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October 19, 2014:

The Diviners reviewed by Rob Stevens

A town tableau (photos by Lindsay Schnebly)

Actors Co-Op is currently presenting Jim Leonard, Jr.’s Depression era play about misplaced faith, The Diviners, in their David Schall Theatre. The time is the early 1930s and President Hoover is still in office but not for much longer as the Great Depression gets more desperate day by day. Into the small town (population 40) of Zion, Indiana comes C.C. Showers (Clay Bunker), a former preacher from Kentucky looking to get into a new line of work. He is quickly befriended by the town oddity, 17-year old Buddy Layman (Michael Beck), and is given a job at the garage owned by Buddy’s stoic father, Ferris (David Atkinson). Buddy is a “diviner,” with a keen ability to discover water though he is deathly afraid of it. Buddy nearly drowned in the river when he was six; saved by his mother who lost her own life saving her son. Since then Buddy had had an unnatural fear of water, refusing to wash himself and frightened of rain storms. When a persistent case of ringworm causes Buddy to itch nonstop, C.C. tries to gently convince the boy that his fear of water is unwarranted. In a subplot the ladies of the town–Norma (Deborah Marlowe), owner of the dry goods store, Goldie (Tracy Lynn Bunka) owner of the diner and farmer’s wife Luella (Maria Cominis)—are determined to get the reluctant preacher preaching again. These two forces collide with tragedy as the only outcome.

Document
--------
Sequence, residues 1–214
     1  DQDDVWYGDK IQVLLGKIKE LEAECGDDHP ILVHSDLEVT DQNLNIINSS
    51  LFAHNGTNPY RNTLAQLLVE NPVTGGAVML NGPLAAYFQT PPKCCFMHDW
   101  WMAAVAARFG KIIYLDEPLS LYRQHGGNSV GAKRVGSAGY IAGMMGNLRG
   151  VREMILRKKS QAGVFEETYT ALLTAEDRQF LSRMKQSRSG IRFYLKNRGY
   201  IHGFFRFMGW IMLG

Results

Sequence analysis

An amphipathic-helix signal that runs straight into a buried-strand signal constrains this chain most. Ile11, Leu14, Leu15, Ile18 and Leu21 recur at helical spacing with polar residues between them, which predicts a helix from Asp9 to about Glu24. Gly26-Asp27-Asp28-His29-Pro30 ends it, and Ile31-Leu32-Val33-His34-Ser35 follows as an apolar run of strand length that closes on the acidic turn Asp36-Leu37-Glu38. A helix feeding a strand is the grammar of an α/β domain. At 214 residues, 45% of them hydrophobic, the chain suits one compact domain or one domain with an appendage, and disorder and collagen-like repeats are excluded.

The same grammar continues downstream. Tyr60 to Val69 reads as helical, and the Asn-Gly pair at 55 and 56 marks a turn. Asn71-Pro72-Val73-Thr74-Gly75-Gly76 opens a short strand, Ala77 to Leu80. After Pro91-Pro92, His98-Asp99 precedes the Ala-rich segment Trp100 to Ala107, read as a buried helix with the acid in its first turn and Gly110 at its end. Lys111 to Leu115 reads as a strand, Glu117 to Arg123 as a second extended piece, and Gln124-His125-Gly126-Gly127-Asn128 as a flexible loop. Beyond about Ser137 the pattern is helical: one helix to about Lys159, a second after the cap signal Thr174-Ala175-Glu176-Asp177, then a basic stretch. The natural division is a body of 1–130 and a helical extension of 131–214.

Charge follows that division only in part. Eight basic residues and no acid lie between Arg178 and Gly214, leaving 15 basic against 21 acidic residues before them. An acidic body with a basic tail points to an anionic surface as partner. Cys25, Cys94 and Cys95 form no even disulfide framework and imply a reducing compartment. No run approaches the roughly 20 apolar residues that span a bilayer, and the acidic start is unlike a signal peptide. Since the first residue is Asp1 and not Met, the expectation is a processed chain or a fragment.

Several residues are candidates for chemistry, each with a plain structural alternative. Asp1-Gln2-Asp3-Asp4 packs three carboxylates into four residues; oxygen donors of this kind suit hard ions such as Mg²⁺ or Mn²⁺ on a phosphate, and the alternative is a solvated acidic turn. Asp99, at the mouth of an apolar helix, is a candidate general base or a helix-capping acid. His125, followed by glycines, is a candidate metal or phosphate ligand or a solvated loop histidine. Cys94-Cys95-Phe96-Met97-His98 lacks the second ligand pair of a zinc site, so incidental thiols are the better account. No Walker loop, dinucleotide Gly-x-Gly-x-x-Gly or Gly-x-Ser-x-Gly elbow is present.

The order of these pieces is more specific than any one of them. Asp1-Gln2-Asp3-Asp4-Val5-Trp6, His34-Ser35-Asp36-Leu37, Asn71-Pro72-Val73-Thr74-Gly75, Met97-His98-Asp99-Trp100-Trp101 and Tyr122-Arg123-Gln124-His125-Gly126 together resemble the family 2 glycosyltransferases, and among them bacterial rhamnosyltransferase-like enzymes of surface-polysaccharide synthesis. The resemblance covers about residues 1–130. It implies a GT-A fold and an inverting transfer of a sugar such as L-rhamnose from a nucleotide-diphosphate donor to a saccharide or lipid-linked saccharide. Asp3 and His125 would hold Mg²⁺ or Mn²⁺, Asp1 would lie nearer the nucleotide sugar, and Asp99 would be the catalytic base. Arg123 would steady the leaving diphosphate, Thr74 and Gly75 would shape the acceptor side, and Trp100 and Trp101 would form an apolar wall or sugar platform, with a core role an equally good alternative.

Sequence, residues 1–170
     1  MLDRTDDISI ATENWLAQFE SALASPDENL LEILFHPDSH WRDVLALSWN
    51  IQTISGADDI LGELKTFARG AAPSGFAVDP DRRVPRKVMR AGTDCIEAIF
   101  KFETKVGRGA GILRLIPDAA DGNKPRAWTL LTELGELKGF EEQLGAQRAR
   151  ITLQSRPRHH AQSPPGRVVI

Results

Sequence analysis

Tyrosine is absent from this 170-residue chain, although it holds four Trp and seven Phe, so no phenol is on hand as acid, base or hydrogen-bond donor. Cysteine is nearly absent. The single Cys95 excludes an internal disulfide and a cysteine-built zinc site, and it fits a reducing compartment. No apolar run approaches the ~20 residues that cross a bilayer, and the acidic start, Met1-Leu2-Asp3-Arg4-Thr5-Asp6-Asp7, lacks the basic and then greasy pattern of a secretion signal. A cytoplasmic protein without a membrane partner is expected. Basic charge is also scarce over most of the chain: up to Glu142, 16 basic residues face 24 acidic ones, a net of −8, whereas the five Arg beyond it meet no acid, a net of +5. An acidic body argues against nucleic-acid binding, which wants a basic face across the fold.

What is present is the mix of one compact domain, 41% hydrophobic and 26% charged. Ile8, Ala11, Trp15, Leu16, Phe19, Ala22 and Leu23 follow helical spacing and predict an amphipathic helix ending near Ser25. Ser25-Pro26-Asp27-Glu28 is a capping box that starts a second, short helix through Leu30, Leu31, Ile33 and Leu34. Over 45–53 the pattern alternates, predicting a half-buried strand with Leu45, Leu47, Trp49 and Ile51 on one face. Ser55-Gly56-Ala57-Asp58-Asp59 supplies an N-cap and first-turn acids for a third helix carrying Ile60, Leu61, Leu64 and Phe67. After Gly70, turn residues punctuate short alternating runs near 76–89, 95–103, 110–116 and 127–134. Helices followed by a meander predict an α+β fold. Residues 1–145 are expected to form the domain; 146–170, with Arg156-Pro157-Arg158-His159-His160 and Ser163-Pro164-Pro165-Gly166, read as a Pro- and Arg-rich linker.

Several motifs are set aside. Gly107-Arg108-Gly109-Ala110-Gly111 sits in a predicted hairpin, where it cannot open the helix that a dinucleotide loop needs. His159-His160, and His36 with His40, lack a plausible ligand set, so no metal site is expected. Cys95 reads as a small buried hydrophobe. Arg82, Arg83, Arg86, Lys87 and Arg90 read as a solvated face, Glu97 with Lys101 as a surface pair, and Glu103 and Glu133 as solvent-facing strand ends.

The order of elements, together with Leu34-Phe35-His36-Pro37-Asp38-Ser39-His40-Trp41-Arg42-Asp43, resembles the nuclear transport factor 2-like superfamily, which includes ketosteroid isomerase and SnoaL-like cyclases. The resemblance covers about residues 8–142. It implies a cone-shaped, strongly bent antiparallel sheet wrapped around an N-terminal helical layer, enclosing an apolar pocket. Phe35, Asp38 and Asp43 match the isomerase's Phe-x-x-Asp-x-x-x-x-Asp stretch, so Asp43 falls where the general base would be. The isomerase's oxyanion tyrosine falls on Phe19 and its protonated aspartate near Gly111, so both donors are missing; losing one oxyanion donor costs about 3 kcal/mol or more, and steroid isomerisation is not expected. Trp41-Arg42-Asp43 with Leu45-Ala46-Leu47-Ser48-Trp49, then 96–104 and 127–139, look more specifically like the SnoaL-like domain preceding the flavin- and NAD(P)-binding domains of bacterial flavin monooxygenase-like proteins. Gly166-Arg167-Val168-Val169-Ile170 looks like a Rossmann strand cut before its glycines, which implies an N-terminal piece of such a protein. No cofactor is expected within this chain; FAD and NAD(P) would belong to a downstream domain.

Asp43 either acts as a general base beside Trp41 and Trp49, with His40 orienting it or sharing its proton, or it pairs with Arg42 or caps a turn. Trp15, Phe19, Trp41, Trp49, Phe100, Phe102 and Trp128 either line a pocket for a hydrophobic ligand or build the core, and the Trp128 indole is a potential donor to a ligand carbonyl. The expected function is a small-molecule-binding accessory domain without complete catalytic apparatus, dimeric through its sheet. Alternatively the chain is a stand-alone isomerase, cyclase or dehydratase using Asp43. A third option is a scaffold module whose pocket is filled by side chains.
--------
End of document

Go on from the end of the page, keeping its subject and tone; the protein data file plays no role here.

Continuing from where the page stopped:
Clay Bunker, Michael Beck and Ivy Beech

Mark Henderson has plainly directed the play, there is no subtext given to the writing or the characters shown here. Leonard, Jr.’s writing is hackneyed at best and trite more than not. A different approach could have made this a more magical experience. Here it plays as too down to earth and just plain in the dirt. Leonard’s simple-minded town folk seem kin to Stephen King’s farmers in Children of the Corn. A few characters seem extraneous and totally unnecessary to the central plot and their homespun charm is quickly depleted by the pedestrian actors and director. Bunker as the 30-year old ex-preacher creates the most fully realized character. You never learn the reason he left the pulpit behind, but you kind of understand he just didn’t have the calling. The men in his family had been preachers for generations; he just wanted something else. Ivy Beech gives a lovely performance as Buddy’s 16-year old sister Jennie Mae, who acts like a mother to her older brother, but has distinctly different feelings for C.C. Their growing attraction and hesitation is believable. Beck is a bit too full of tics and mannerisms as Buddy and could tone down his performance to make it more naturalistic. David B. Marling’s Sound Design and Bill E. Kickbush’s lighting really enhance the production.

Actors Co-Op, 1760 N. Gower St. in Hollywood. Ends Nov. 23. 323-462-8460 or www.actorsco-op.org.

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